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UC Pest Management Guidelines


Browning of lettuce leaf tips from tipburn.

Lettuce

Tipburn

Pathogen: none (abiotic disorder)

(Reviewed 10/09, updated 10/09)

In this Guideline:


SYMPTOMS

Tipburn is characterized by browning of the margins of young, maturing leaves in head and leaf lettuces. The brown area may be limited to a few small spots at or near the leaf margin, or the entire edge of the leaf may be affected. Many pinpoint necrotic areas along the margin may give that tissue a speckled appearance. Brown veins may occur near the brown lesions.

COMMENTS ON THE DISORDER

Tipburn is a result of calcium deficiencies in growing tissue although calcium levels in the soil may be adequate. Calcium is important for cell wall strength and membrane integrity. Calcium mostly moves in the transpirational flow in the plant, therefore, the highest concentration is in exposed leaves from which transpiration is occurring. Inner leaves of head lettuce or leaf lettuces transpire less than exposed leaves and are more likely to develop tipburn. Rapid growth creates conditions for the development of tipburn. Head formation reduces transpiration in the inner leaves of iceberg lettuce; low evapotranspiration (ET), which occurs when conditions are foggy, etc., reduces transpiration in leaf lettuces. Soil water stress can also reduce the transport of calcium to the plant. Tipburn is rarely the result of low soil calcium, but more commonly is due to water stress and low ET that causes transient deficiency of calcium in rapidly expanding leaf tissue.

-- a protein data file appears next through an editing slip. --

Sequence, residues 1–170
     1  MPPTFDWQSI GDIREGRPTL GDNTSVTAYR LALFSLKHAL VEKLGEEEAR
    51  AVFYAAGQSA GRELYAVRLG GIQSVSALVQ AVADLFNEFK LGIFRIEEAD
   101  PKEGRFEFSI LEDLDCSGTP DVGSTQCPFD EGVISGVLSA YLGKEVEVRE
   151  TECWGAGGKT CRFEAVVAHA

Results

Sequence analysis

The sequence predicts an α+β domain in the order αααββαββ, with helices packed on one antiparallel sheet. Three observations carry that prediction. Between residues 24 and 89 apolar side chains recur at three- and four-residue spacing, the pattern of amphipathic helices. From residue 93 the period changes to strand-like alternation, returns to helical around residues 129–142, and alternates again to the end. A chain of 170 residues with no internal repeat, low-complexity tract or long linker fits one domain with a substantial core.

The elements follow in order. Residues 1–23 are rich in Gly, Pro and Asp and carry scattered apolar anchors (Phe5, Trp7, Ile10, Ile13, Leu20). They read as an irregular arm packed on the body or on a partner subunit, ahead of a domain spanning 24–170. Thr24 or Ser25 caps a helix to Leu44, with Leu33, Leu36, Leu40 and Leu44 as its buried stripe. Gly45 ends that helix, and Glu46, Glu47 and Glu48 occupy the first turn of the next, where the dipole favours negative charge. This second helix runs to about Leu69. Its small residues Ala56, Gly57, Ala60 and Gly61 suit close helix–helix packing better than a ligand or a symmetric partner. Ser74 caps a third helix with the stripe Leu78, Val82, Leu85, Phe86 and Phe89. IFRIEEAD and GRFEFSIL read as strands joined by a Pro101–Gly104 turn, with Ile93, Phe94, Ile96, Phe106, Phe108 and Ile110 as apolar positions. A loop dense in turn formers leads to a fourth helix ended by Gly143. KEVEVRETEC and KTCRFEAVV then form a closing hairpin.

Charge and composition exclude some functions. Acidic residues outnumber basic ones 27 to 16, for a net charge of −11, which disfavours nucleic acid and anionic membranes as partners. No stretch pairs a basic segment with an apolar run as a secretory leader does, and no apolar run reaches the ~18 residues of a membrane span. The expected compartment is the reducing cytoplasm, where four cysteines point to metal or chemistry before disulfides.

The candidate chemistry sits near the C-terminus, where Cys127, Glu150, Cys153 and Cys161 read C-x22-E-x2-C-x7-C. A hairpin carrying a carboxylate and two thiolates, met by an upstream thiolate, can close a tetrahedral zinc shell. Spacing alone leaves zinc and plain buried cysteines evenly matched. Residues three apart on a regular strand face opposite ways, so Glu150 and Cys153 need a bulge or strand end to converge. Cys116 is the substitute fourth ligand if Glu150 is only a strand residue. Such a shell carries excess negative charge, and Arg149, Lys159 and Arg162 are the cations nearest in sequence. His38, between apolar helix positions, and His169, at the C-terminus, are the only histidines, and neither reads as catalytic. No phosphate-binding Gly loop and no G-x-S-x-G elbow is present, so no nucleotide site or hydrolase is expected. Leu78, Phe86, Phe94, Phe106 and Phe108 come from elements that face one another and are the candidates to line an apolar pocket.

MANAGEMENT

Cultivars vary in their susceptibility to tipburn. In areas and seasons in which tipburn is likely to occur, resistant cultivars could be used. Foliar sprays of calcium have reduced tipburn in studies in which the nutrient is applied directly to the tissue; however, this is ineffective in head lettuce because the nutrient will not reach susceptible tissue deep inside the head in time to prevent the development of tipburn. Calcium fertilizer applications to the soil are generally ineffective because soils in California's lettuce producing districts generally already have sufficient calcium to supply the plant.

PUBLICATION

[UC Peer Reviewed]

UC IPM Pest Management Guidelines: Lettuce
UC ANR Publication 3450
Diseases
S. T. Koike, UC Cooperative Extension, Monterey County
R. M. Davis, Plant Pathology, UC Davis

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